For the robotics task, we focus on the Hopper domain, where current methods can find near-optimal solutions. We show that (1) for high discount factors the algorithms fail, even when solving a finite-horizon task with an appropriate non-stationary model, and (2) that reward tweaking is capable of guiding the agent towards optimal performance, even when the effective planning horizon is reduced dramatically. Hence, for domains where the algorithms maximal planning horizon is smaller than , reward tweaking can be lead to large performance gains.
To understand how reward tweaking behaves, we initially focus on a grid-world, depicted in Fig. 4. Here, the agent starts at the bottom left corner and is required to navigate towards the goal (the wall on the right). Each step, the agent receives a reward of , whereas the goal, an absorbing state, provides . Clearly, the optimal solution is the stochastic shortest path. However, at the center resides a puddle where . The puddle serves as a distractor for the agent, creating a critical point at . While the optimal total reward is , an agent trained without reward tweaking for prefers to reside in the puddle and obtains a total reward of .
For analysis of plausible surrogate rewards, obtained by reward tweaking, we present the heatmap of a reward in each state, based on Eq. 4. As the reward is non-stationary, we plot the reward at the minimal reaching time, e.g., where is the Manhattan distance in the grid. The arrows represent the gradient of the surrogate reward . Notice that when , the default reward signal is sufficient. However, in this domain, when the discount declines below the critical point, the 1-step surrogate reward (e.g., ) becomes informative enough for the 1-step greedy estimator to find the optimal policy (represented by the arrows). In other words, reward tweaking with small discount factors leads to denser rewards; this in turn, results in an easier training phase for the policy.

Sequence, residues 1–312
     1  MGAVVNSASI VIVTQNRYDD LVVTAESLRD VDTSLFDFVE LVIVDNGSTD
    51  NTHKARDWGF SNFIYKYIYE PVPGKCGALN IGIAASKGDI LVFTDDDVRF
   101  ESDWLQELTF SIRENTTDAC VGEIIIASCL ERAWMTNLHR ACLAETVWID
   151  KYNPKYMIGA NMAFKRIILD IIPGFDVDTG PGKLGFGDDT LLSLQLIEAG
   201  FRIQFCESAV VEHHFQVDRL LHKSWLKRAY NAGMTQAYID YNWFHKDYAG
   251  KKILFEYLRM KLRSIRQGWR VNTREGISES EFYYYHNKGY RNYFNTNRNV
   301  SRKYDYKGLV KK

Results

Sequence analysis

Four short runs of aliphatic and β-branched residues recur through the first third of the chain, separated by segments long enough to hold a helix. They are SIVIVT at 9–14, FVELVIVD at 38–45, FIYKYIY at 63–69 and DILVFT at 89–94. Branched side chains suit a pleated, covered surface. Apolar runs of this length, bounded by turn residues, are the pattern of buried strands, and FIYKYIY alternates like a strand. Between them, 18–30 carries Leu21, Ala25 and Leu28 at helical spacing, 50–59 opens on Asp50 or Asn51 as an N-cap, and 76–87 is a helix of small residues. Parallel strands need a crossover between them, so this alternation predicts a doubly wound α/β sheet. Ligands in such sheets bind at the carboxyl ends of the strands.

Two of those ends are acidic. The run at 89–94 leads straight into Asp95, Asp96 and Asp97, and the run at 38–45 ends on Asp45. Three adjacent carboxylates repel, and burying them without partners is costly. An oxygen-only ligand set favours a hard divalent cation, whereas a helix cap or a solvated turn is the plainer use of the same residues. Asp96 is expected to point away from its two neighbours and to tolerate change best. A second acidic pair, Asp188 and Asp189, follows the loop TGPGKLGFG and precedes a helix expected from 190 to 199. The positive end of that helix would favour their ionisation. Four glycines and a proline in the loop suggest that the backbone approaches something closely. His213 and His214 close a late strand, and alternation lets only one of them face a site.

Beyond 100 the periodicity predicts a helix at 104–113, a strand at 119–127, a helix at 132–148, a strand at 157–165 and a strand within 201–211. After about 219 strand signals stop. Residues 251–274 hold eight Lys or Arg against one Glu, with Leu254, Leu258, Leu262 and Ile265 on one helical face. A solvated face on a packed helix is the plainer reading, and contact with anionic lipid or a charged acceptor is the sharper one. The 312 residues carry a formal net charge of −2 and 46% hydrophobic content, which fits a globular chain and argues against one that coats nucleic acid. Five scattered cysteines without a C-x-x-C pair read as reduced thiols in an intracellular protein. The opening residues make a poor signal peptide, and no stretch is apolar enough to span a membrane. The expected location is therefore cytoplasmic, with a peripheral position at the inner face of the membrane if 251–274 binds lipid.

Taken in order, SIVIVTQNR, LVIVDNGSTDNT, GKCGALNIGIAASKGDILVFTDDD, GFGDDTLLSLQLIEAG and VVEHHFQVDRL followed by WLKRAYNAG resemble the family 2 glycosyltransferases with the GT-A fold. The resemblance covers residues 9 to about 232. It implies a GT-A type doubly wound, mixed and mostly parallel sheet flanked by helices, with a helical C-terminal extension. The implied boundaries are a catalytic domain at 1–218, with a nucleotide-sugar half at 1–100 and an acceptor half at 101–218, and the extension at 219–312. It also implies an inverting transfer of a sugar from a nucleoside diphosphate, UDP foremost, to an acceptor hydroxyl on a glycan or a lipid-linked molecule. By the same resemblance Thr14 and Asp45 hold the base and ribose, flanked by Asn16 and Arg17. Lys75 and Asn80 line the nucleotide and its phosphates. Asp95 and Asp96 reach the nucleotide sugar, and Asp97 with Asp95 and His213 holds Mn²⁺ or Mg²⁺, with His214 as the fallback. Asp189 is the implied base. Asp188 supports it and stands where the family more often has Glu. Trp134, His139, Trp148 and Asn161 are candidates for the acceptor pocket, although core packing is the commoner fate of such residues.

Here, we test reward tweaking on a complex task, using approximation schemes (deep neural networks). We focus on Hopper (todorov2012mujoco), a finite-horizon () robotic control task where the agent controls the torque applied to each motor. We build upon the TD3 algorithm (fujimoto2018addressing), a deterministic off-policy policy-gradient method (silver2014deterministic; lillicrap2015continuous), that combines two major components – an actor and a critic. The actor maps from state to action , i.e., the policy; and the critic is trained to predict the expected return. Our computing infrastructure consists of two machines with two GTX 1080 GPUs, each. Our implementation is based on the original code provided by fujimoto2018addressing, including their original hyper-parameters. All our results compare 5 randomly sampled seeds, showing the mean and confidence interval of the mean.
6.2.1 Experimental Details
In this section we compare reward tweaking with the baseline TD3 model, adapted to the infinite horizon setting. The results are presented in Fig. 5 and Table 1. Our implementations are based on the original code provided by fujimoto2018addressing. In their work, as they considered stationary models, they converted the task into an infinite horizon setting, by replacing considering “termination signals due to timeout” as non-terminal. However, they still evaluate the policies on the total reward achieved over steps.